TOLEDO, OH (WTOL) - Kim Barber had decided to get in shape.
She was a 41 year-old wife and mother living in Point Place.
"I thought I had the world by the tail. I was getting in the best shape of my life," Kim remembers. She even began working at the fitness center where she worked out.
After working out one day, she noticed her right arm was swollen. Her breast began to turn "beet red" and the skin took on the texture of an orange.
Her family doctor ordered up a biopsy and later called her with the results.
"You never expect when you get a call from the doctor them saying 'you have cancer'," says Kim today. She was at home, all alone, when the call came. She thought "This is it. I'm only 41 years-old and I'm going to die from this."
That dark day was April 13, 2006. Yet that same night, a light came that changed, even saved, Kim's life.
Her only son Jeff stopped by with a promise everything would be fine.
"He goes 'You know why I'm so confident about this?' I'm crying, I go 'No Jeff, why?' he says 'Well because in like, maybe seven months, you're going to have a grandchild,'" Kim remembers.
The unexpected announcement gave Kim a new reason to fight the disease she just learned she had.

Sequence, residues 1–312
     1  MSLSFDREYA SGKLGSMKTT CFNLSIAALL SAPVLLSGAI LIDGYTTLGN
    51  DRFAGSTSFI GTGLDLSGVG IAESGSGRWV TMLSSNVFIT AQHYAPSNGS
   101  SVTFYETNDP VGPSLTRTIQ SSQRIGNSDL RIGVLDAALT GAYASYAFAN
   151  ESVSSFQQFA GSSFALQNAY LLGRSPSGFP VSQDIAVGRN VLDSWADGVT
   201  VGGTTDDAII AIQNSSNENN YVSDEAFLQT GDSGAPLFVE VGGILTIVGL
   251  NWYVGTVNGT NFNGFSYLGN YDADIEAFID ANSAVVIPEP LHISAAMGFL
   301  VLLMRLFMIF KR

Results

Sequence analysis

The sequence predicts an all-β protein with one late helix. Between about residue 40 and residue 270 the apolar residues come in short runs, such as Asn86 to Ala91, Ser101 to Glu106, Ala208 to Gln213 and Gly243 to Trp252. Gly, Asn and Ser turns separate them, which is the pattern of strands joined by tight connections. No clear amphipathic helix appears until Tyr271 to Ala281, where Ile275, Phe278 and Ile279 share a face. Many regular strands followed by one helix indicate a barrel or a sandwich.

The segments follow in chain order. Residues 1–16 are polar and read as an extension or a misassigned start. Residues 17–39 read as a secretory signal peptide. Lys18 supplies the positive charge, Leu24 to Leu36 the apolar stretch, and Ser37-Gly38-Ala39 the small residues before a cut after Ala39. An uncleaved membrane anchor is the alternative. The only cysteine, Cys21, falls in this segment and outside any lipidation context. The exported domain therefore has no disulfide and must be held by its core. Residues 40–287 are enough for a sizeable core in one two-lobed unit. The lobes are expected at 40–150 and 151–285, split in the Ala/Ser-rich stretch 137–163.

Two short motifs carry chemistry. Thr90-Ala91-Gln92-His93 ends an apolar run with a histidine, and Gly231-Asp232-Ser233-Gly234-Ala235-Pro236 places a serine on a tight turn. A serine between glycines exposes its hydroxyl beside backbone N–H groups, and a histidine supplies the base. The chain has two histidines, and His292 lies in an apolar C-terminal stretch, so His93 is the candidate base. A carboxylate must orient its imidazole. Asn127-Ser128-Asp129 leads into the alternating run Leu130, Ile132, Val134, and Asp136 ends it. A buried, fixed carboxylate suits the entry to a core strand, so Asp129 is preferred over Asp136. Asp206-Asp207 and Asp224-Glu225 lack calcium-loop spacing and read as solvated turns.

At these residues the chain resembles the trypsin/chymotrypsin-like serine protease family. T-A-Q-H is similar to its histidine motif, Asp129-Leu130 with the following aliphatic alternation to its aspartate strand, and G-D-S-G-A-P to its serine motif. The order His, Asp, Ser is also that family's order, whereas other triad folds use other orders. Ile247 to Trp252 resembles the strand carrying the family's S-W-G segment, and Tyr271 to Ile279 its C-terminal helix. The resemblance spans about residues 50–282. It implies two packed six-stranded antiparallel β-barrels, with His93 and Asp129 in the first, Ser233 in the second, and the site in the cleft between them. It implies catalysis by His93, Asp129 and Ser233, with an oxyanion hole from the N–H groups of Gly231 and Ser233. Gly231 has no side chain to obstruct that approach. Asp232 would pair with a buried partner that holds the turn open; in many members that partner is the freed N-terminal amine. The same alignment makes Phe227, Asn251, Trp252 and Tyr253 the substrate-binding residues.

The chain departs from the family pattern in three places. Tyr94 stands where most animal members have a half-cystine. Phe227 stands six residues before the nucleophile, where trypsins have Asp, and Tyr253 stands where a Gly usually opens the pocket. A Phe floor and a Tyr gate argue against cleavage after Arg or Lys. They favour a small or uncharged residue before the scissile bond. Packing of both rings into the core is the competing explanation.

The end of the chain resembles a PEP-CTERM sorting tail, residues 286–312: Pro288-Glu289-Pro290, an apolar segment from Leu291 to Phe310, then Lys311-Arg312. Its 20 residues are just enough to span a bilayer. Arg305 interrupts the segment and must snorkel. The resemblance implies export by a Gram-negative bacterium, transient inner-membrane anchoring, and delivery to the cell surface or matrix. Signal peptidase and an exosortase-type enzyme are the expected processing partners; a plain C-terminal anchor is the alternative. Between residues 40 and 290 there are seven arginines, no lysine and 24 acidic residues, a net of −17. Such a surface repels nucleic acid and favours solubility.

When Kim's granddaughter arrived, she was named Madison. "Madison is my reason for me sitting here. She's my reason for fighting the way I did. I wanted to give up so many times," Kim said.
But Kim never gave up.
Chemotherapy dramatically shrank the tumor. A lumpectomy replaced mastectomy as the prescribed course of action.
The tumor was removed and there was no evidence the cancer had spread elsewhere.
Even while undergoing treatment back in 2006, Kim participated in her first "Race for the Cure." Friends and family joined her cause and her team "Kim's Kru" would swell to 200 people over the years.
Kim also enlisted Toledo firefighters to donate to the fight against breast cancer. At Toledo fire station 18, she made an offer.
"We said if your guys can raise $100 and donate it to Kim's Kru, we'll cook you guys dinner," said Kim
The firefighters took her up on the deal and over the years several stations got involved, competing with each other, even between shifts. Kim laughs now at what the challenge became. "I took on the whole battalion. That's six stations. I'm like 'I gotta be crazy' but I did it."
Now an 11-year breast cancer survivor, Kim is being honored at this year's Race for the Cure.
The Toledo race on September 24 will be run "In Celebration Of" Kim. She says she's "beyond thrilled" and "can't believe this happened to me."
But it did thanks, in part, to the nomination made by Madison's parents, Kim's son Jeff and his wife Beth.
The honor also recognizes Kim's fund-raising work in support of Susan G. Komen. And it especially recognizes Kim's amazing spirit and the inspiration she provides to others battling breast cancer.
Her good friend Kelly Dorn with whom Kim works out two days a week may put it best.
"She's still living every day and showing you can do whatever you want. It doesn't matter. It's a decision. You just have to make the decision."